At some point while we mostly stopped paying attention, Theo Walcott — young, prodigious, “next up” star of tomorrow — stopped existing only in the future tense. Walcott is 26 now (yes, you’re old), and should be in his prime. In fact, he probably is in his prime, and therein lies the sense of disappointment. While we were waiting for the injuries to abate, for his position to change, and for all the potential to be fulfilled, Walcott’s development has continued humming along in neutral for the better part of a decade. This could be it. On his best days, Walcott is a good player, but nothing more. He’s not special now, and he may never be in the future.
Like so many of Arsenal’s “promising” youngsters in recent years, Walcott doesn’t look like ever becoming anything better than a decent player. It may seem laughable now, but there was a time when Walcott was giddily looked at as the natural successor to Arsenal legend Thierry Henry. The raw tools were all there — or so it seemed, anyway — and with Arsène Wenger’s track record of developing talented youngsters, Walcott was earmarked for greatness.
But now, over nine years since Walcott made his Premier League debut, and with his team sitting only goal difference away from the top of the table, we’re still waiting to find out what the hype was all about. While he may be acceptable at a number of things, Walcott’s only exceptional attribute is his speed. His finishing is good without being great, and his footballing intelligence has never been anything to write home about. His passing isn’t bad, but he struggles in tight spaces.
Long time Theo Walcott devotees (Thevotees?) will tell you that his shortcomings were only highlighted by being played out on the wing instead of in his preferred position up front. But now that he’s finally been given a chance to operate primarily as a striker, he’s hardly set the world alight.
Fittingly, Walcott is competing for a first team place with another nearly-man in Olivier Giroud. Both men are tolerable enough options coming off the bench, but neither have the genuine quality to be the focal point of an elite attack. With only two goals so far in eight league appearances, it is the Englishman who has the poorer goal-scoring record, but there’s a case to be made that Walcott is the better fit for the team. Regardless, he has done little to make himself undroppable. For a club with ambitions to conquer not just the country but the continent, the spearhead of its attack should be devastating, irresistible, unplayable. Instead, Arsenal has a selection of strikers (Walcott, Giroud, and the injured Danny Welbeck) best described as “cute.”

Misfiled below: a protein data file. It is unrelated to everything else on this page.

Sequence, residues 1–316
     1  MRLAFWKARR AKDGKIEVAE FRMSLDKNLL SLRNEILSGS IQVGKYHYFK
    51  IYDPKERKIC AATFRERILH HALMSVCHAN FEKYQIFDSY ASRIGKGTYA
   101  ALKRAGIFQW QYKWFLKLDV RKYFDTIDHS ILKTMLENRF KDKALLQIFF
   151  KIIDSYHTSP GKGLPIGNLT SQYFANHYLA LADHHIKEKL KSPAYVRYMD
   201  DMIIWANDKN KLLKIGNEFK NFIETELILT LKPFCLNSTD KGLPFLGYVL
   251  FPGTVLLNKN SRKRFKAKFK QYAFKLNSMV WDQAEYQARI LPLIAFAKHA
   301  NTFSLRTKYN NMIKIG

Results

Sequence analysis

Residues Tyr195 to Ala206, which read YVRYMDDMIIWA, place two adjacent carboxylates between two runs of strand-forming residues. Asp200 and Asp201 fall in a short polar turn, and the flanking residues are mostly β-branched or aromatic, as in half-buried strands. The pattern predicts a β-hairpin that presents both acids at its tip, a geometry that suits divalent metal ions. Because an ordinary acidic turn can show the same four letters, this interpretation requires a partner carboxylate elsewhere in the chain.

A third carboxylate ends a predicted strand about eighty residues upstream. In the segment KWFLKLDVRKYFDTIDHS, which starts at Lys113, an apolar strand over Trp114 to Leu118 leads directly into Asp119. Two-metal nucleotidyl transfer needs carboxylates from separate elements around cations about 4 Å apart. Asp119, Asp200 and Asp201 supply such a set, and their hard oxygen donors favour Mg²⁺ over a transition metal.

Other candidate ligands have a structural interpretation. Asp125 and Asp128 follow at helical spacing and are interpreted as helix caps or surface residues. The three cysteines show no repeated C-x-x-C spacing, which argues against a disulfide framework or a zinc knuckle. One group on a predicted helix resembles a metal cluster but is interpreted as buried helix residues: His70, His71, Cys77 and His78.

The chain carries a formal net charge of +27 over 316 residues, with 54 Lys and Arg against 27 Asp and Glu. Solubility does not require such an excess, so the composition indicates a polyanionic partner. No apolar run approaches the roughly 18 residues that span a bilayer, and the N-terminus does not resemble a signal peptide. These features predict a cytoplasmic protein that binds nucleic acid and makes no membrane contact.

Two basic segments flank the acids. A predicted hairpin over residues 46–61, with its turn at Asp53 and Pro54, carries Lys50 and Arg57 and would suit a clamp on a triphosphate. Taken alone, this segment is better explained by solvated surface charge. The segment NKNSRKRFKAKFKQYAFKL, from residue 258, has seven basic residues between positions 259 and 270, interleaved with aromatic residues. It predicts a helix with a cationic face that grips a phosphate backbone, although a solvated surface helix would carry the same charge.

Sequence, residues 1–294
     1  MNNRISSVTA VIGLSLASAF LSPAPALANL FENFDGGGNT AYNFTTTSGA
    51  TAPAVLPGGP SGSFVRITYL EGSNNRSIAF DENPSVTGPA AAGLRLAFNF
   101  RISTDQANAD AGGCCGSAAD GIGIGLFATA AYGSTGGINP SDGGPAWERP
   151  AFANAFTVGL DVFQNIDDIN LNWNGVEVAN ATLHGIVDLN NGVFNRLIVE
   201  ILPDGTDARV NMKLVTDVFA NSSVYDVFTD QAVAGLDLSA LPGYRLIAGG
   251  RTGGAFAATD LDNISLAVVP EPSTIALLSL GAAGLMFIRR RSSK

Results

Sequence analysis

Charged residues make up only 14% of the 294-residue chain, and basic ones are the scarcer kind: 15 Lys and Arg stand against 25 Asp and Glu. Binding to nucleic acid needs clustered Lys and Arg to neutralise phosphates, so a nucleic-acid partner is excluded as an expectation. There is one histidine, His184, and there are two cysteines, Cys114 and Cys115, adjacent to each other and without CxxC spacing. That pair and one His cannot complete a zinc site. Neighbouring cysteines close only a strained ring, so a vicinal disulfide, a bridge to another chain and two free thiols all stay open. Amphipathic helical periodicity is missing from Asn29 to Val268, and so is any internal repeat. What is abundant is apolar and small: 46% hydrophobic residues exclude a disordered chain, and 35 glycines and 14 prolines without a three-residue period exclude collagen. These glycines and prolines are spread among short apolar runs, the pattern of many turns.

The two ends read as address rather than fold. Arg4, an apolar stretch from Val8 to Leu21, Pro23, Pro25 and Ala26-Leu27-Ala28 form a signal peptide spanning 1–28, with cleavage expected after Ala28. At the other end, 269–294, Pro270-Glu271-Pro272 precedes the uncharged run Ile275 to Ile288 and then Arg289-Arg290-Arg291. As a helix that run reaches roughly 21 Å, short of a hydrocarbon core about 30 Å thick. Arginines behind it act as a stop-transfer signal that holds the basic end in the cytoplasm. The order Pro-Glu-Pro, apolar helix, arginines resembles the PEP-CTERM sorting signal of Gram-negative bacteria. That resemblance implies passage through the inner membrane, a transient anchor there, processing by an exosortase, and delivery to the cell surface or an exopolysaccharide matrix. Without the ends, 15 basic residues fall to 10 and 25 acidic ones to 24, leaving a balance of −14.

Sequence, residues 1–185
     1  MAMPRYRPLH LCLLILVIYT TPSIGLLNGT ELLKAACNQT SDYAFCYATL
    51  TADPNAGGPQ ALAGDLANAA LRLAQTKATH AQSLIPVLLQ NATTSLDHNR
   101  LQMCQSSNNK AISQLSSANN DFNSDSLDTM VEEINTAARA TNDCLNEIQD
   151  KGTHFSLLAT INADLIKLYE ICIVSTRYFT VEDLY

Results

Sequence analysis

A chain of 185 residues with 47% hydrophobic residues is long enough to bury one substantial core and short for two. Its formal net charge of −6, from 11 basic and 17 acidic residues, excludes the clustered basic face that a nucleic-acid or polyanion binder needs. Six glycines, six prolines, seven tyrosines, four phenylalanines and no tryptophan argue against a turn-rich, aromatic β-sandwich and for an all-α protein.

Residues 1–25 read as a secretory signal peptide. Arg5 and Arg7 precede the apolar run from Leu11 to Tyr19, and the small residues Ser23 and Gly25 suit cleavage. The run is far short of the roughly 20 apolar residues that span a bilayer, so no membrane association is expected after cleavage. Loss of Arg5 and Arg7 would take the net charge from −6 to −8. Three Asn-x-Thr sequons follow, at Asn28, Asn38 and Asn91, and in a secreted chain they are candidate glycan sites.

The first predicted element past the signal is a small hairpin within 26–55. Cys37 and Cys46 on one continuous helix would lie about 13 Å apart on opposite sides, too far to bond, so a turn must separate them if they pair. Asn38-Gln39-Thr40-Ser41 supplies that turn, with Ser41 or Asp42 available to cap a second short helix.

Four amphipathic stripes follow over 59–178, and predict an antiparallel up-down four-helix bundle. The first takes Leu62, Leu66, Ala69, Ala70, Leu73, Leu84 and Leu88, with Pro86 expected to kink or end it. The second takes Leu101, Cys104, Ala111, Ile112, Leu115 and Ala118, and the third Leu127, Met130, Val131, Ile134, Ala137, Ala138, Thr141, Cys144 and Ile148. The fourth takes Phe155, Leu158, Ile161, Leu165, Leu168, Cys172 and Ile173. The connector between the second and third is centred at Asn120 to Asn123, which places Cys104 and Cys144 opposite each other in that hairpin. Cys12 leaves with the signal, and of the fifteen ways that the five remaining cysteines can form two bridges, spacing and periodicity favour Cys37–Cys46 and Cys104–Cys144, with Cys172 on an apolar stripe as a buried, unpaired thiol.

That Walcott is now among Arsenal’s highest paid players says more about the lowered standards of the club than about Walcott’s real value. Players should always negotiate for as much money as they can get (especially at a club like Arsenal that is in no way short of a few bob), but it should be troubling for supporters that such a limited player is seen as being in the top tier of the playing staff.
Walcott, to be fair, had been having a promising season so far. Right up until he got injured. Again. After coming on a substitute only minutes earlier, Walcott limped off in the first half of Arsenal’s Capital One Cup loss to Sheffield Wednesday with what appeared to be a muscle injury. In light of Arsenal’s usual pattern of injuries, Walcott will be scheduled to return in two weeks, but he will actually not be seen again for six months.
Much of Walcott’s forestalled progress can be attributed to a seemingly endless run of injuries. Tuesday’s setback is not the first time that he has been in a good run of form, only to see it cut short by some unfortunate knock, strain, or fracture. At some point, though, we’re entitled to wonder if this as is as good as it’s ever going to get. How long are we supposed to wait for Walcott to realize his potential? Are we sure he’ll ever be more than a middle-class man’s Aaron Lennon? The various injuries have yet to affect his blistering pace, but logic tells us that it’s only a matter of time. If his one truly exceptional ability becomes diminished, there is not much of a player left, at least on the level that Arsenal should require.
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